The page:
- 1 Definition of Sake – What is Sake?
- 2 Sake Ingredients – What is Sake made from?
- 3 How is Sake made? Sake Making Process
- 4 How Do You Pronounce Sake?
- 5 How Do You Write / Say Sake in Japanese?
- 6 What is Alcohol Content / Alcohol Percentage of Sake?
- 7 What are the calories in Sake?
- 8 What Does Sake Taste Like?
- 9 What is the Best Temperature to Drink Sake at?
What is Sake? Sake, often translated as Saki, Japanese rice wine or rice wine, is a Japanese alcoholic beverage made from fermented rice.
Although Sake is also known as rice wine, it is rather made in a similar way to beer, using ‘rice’ instead of ‘barley’. Sake is more than just a drink; it’s a means of immersing yourself with Japanese cultures, lifestyles and historical backgrounds. So what is Sake all about? Let’s simplify it together.
Definition of Sake – What is Sake?
As mentioned above, Sake is an alcoholic beverage of Japanese origin that is made from fermented rice.
Sake Ingredients – What is Sake made from?
Sake is made from rice, water, yeasts and Koji (a type of mold, often translated as rice yeast or rice malt).
Rice used for sake is different from the one we normally eat. Sake Rice (Sakamai), also known as Shuzotekimai is larger than rice grains that we normally eat. Sake rice contains less fat and protein and has greater absorbency, thus suitable for sake making. Having said that, the rice we normally eat is often mixed, in small proportion, with the sake rice in sake making process. For most Ginjo and Dai-ginjo sakes, only sake rice is used.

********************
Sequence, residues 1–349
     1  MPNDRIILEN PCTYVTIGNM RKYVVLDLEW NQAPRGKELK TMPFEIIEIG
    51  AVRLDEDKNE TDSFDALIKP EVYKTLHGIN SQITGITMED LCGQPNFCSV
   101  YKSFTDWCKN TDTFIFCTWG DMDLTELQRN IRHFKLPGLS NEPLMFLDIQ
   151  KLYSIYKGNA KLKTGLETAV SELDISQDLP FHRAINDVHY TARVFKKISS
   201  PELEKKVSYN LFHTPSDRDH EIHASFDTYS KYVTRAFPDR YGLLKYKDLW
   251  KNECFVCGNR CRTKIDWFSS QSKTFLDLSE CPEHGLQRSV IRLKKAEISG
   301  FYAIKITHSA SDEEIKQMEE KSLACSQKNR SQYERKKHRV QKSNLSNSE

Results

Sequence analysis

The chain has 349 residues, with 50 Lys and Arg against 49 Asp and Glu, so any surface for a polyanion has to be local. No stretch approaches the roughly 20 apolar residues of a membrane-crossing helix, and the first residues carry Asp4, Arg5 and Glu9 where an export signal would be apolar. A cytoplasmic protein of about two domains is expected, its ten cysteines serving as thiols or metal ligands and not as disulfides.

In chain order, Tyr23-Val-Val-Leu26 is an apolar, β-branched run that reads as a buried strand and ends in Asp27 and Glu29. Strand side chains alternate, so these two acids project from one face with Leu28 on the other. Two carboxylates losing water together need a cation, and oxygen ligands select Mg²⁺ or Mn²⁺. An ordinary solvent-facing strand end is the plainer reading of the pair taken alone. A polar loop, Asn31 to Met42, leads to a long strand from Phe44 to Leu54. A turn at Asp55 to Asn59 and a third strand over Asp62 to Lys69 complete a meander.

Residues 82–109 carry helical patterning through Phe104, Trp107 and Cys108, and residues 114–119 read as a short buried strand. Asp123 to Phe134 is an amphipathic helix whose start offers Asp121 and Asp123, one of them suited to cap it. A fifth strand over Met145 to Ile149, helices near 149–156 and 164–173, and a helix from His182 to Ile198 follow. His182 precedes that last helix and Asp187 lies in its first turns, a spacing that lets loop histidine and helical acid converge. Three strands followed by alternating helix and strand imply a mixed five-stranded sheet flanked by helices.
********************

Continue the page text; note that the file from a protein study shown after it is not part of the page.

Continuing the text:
Water is also impeccable to sake making. Water accounts for as much as 80% of the sake ingredients, so sake breweries are very fussy about the quality of water to produce their ideal sake flavors and aromas. It’s sometimes the case that Sake breweries are located near the rivers or headsprings from which they use water for making their Sake.
Koji is a type of mold, playing an important role in the fermentation process. It converts starch into glucose. A type of mold as Koji is, it is no harm to human body just like yeasts. Koji is also used for making soy sauce, miso, mirin, vinegar and other Japanese alcoholic beverages such as Shochu and Awamori.
Yeasts (Kobo) are used in the fermentation process, converting glucose (sugar) into alcohol. Yeasts play a crucial role in determining the aromas of Japanese sake. This is why the type of yeast used is often listed on the label of a Sake bottle. Most types of yeasts are stored and provided from Brewing Society of Japan.
Lactic acid is also added, determining the acidity of Sake. Lactic acid is sometimes regarded as main ingredients of sake, too.
Visit ‘Sake Ingredients – What is rice made from?’ for further information.
How is Sake made? Sake Making Process
Koji (rice yeast) converts the starch in steamed rice into glucose, and yeasts convert the glucose into alcohol (i.e. fermentation). Technically, the brewing method is more complicated as it involves pressing, pasteurizing, etc. See ‘How is Sake Made?’ Page for further information.
How Do You Pronounce Sake?